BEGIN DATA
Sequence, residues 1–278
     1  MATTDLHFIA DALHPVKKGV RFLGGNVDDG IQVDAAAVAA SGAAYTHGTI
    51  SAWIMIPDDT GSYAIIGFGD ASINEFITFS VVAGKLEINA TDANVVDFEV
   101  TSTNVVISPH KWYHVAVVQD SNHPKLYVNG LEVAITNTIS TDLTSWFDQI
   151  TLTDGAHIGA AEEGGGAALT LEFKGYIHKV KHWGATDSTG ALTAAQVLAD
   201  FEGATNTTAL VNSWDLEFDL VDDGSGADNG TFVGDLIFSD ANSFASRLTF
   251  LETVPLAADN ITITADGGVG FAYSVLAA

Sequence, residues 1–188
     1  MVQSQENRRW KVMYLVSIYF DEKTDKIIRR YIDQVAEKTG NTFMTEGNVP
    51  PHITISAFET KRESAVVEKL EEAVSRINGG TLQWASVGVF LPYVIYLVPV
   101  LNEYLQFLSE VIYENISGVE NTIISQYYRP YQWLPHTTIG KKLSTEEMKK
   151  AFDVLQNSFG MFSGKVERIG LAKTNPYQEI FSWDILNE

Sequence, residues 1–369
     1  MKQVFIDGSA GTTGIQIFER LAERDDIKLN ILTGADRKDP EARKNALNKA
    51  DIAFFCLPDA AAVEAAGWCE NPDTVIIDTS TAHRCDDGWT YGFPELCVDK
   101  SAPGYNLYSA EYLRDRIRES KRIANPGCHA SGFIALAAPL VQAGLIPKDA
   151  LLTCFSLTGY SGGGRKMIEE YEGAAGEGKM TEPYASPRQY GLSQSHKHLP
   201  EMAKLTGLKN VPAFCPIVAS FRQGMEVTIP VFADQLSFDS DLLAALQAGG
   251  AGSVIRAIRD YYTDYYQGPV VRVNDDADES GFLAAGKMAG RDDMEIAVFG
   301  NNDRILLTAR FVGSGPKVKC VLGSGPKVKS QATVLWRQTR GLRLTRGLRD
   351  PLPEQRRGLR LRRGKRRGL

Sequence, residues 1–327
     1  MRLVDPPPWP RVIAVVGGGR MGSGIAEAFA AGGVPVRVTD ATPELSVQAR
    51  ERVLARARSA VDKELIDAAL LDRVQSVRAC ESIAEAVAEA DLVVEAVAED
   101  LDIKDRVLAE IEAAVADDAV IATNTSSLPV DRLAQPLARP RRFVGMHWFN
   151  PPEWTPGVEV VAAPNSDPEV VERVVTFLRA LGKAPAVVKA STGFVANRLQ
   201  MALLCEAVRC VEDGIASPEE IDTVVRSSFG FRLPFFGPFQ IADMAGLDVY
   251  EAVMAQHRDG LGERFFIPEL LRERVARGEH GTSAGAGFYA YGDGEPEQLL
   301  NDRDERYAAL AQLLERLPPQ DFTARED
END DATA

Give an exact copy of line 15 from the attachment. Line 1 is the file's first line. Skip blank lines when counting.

    51  DIAFFCLPDA AAVEAAGWCE NPDTVIIDTS TAHRCDDGWT YGFPELCVDK